Sinclair inquiry to look at social conditions surrounding child’s death
WinnipegFreePress.com – BreakingNews
24 July 2012. Larry Kusch
The Phoenix Sinclair inquiry will do more than explore the circumstances surrounding the child’s death and how child welfare authorities responded to the tragedy.
The final phase of the inquiry, scheduled for next year, will examine the broader socio-economic context in which Phoenix’s death occurred, commission counsel Sherri Walsh said today.
“It’s been made clear to us through the course of our investigations that in order to make recommendations to better protect Manitoba children the focus of this inquiry needs to extend beyond the strict parameters of the operations of the child welfare system,” Walsh told a pre-inquiry hearing presided by commissioner Ted Hughes. “The child welfare system alone cannot be expected to address the underlying social conditions which lead children into being in need of protection.”
Walsh made her remarks shortly before Hughes heard arguments over whether the Assembly of Manitoba Chiefs and the Southern Chiefs Organization should have standing during certain portions of the inquiry and whether the Manitoba Metis Federation and its child welfare authority should be granted intervener status. He also heard arguments over whether transcripts from pre-hearing interviews with witnesses should be provided to all the parties – instead of commission-provided summaries of what the interviewees said.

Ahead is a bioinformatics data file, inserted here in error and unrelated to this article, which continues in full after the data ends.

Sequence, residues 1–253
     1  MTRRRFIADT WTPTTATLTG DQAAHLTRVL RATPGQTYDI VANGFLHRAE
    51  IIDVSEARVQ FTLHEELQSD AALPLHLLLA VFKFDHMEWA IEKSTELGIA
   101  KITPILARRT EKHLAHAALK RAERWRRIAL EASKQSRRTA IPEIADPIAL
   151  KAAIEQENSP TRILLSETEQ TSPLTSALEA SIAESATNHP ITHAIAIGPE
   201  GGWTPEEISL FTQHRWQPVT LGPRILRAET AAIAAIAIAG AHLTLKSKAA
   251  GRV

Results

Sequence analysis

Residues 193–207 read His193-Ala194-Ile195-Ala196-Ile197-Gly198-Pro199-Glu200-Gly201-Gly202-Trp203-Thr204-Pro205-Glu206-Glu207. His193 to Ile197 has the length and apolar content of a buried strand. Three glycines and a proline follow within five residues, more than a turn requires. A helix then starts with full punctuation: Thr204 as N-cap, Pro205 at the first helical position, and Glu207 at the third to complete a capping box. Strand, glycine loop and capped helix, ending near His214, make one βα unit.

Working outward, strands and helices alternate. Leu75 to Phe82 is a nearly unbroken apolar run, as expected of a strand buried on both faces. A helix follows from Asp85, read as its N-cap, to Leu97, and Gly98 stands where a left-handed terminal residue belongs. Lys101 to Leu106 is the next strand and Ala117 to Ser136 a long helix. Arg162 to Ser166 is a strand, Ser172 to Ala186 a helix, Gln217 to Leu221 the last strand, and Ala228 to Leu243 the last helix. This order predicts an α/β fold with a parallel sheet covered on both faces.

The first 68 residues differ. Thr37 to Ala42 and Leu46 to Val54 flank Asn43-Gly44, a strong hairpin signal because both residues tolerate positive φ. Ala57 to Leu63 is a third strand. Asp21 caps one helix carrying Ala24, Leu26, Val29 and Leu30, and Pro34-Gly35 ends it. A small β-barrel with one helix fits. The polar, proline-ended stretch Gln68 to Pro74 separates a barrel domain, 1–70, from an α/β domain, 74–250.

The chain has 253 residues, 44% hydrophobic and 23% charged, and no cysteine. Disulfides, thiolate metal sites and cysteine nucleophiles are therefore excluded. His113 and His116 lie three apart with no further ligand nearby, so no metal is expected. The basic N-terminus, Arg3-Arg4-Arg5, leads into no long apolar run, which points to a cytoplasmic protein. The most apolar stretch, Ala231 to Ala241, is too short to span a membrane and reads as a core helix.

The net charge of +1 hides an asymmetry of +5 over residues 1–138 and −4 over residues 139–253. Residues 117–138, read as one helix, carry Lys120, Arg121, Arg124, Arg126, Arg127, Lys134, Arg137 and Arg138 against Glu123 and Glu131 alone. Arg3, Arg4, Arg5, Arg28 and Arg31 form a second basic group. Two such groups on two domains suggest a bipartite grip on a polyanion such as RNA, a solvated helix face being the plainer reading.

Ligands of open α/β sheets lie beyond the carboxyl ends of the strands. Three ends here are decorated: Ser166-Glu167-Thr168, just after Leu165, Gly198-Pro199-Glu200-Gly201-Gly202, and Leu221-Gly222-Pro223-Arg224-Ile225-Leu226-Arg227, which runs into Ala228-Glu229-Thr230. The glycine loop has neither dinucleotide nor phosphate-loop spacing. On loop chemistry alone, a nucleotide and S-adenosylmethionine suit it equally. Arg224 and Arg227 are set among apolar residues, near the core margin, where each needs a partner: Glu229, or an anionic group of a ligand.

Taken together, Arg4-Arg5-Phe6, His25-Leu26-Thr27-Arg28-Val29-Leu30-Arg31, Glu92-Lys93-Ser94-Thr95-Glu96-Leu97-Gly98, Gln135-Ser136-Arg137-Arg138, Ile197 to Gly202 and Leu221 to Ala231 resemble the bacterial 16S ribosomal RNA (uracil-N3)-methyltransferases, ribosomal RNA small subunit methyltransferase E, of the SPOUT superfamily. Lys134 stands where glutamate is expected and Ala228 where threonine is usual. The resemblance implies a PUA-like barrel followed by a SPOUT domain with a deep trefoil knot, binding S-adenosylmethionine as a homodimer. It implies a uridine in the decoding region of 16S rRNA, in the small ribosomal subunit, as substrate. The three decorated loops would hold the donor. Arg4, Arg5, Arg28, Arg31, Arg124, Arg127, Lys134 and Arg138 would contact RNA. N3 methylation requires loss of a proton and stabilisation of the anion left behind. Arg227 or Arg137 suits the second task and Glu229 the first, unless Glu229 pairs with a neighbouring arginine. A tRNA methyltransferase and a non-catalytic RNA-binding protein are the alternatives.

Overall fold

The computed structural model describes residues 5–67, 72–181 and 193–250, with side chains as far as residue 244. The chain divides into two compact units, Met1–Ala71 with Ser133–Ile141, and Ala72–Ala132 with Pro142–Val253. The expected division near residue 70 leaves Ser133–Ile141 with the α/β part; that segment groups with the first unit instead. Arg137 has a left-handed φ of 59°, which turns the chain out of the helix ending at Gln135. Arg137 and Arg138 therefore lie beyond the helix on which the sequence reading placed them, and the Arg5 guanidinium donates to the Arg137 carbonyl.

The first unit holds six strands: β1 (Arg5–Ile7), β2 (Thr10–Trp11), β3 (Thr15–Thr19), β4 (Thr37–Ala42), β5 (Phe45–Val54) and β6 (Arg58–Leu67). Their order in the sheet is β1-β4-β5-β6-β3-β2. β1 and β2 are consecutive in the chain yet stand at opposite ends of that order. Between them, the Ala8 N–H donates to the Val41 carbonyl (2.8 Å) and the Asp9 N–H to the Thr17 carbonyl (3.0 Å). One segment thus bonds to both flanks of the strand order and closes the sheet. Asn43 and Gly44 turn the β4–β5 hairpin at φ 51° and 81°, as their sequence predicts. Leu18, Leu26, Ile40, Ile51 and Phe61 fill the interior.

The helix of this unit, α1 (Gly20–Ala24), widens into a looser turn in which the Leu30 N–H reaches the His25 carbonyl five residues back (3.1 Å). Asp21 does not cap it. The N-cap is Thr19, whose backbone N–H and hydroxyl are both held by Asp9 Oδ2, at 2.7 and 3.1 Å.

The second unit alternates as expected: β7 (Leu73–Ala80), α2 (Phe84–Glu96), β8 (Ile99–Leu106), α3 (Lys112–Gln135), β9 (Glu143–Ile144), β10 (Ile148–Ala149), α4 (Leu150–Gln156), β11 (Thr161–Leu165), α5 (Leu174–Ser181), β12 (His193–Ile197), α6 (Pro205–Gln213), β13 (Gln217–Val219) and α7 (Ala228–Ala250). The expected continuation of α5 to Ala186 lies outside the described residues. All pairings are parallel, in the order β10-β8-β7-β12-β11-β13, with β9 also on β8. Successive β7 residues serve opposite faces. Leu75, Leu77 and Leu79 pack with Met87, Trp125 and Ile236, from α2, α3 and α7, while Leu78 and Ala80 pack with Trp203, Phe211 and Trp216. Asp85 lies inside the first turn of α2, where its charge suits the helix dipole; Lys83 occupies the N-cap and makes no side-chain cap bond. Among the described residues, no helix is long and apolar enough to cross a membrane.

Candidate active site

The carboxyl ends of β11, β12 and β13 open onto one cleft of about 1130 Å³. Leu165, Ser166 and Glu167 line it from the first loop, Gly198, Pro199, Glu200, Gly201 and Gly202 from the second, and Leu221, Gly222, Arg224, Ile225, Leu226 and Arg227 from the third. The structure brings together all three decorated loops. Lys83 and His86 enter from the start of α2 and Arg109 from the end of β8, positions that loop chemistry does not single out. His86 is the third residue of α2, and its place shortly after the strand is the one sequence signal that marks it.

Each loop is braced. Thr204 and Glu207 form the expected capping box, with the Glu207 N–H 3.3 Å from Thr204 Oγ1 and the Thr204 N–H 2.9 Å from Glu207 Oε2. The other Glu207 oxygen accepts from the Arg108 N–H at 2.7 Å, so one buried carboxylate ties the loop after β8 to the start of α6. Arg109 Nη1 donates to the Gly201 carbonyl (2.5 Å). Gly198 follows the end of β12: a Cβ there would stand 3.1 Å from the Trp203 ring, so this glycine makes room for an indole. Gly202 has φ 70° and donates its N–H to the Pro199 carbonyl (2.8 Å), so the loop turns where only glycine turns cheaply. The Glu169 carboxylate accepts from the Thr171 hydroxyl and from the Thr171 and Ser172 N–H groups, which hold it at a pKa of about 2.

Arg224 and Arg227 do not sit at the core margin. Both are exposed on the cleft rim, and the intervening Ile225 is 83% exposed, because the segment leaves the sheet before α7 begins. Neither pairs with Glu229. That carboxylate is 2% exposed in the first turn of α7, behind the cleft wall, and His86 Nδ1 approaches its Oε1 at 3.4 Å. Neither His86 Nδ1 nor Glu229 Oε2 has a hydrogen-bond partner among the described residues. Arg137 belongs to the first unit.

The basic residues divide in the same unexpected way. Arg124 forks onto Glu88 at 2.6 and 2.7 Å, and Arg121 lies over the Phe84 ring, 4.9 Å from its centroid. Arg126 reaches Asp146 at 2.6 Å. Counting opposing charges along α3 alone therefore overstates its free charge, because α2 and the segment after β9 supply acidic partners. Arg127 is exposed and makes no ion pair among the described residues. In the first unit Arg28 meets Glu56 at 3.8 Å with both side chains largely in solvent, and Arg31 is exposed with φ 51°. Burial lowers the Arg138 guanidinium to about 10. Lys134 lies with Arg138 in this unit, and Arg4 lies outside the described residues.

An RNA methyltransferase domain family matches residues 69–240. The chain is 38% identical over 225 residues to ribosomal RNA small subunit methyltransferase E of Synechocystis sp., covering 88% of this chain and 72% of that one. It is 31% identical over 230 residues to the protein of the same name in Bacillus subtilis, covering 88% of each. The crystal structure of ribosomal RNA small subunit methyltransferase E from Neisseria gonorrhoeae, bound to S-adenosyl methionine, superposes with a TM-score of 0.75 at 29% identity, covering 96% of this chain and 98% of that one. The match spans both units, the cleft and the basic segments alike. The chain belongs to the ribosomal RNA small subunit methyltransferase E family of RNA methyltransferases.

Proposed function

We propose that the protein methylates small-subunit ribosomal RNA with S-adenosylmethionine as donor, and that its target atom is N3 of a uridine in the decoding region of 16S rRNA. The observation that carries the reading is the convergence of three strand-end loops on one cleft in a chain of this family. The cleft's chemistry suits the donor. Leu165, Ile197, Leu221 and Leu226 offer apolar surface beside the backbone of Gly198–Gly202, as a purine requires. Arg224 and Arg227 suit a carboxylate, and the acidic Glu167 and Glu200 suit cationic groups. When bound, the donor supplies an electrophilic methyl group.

Walsh said the first phase of the inquiry, set to begin Sept. 5, would still explore the circumstances surrounding Phoenix Sinclair’s death and what child welfare services were or were not provided to the family.
Phoenix was murdered in June 2005, three months after her child welfare file was closed. She was living with her mother, Samantha Kematch, and stepfather, Karl McKay, at the time of her death.
While staying with Kematch and McKay, Phoenix was frequently confined, assaulted and neglected. She died after a brutal assault in the basement of the family’s home on the Fisher River First Nation and her body was found several months later in the community’s landfill. Kematch and McKay were convicted of first-degree murder.
The second phase of the inquiry will focus on the child welfare system’s response to the tragedy, examining the recommendations that came from several reports into Phoenix’s death and how the child welfare system responded to those recommendations.
But now the commission has decided that a third and final phase will be devoted solely to the social conditions surrounding the tragedy, Walsh said.
She said those social conditions include poverty, limited economic and employment opportunities, homelessness and substance abuse.
“Many of the roots of these issues can be traced to issues which the First Nations people in our community have faced for decades, relating to racism, colonialism and the residential school system,” Walsh told Hughes, a retired judge.
She quoted from a provincial government Child Protection and Abuse Manual which said that “Abuse and neglect are not only problems of individual abusers and their victims but are also problems of the social context in which these individuals live.”
Walsh said afterwards that the commission would call witnesses to give testimony on these societal issues.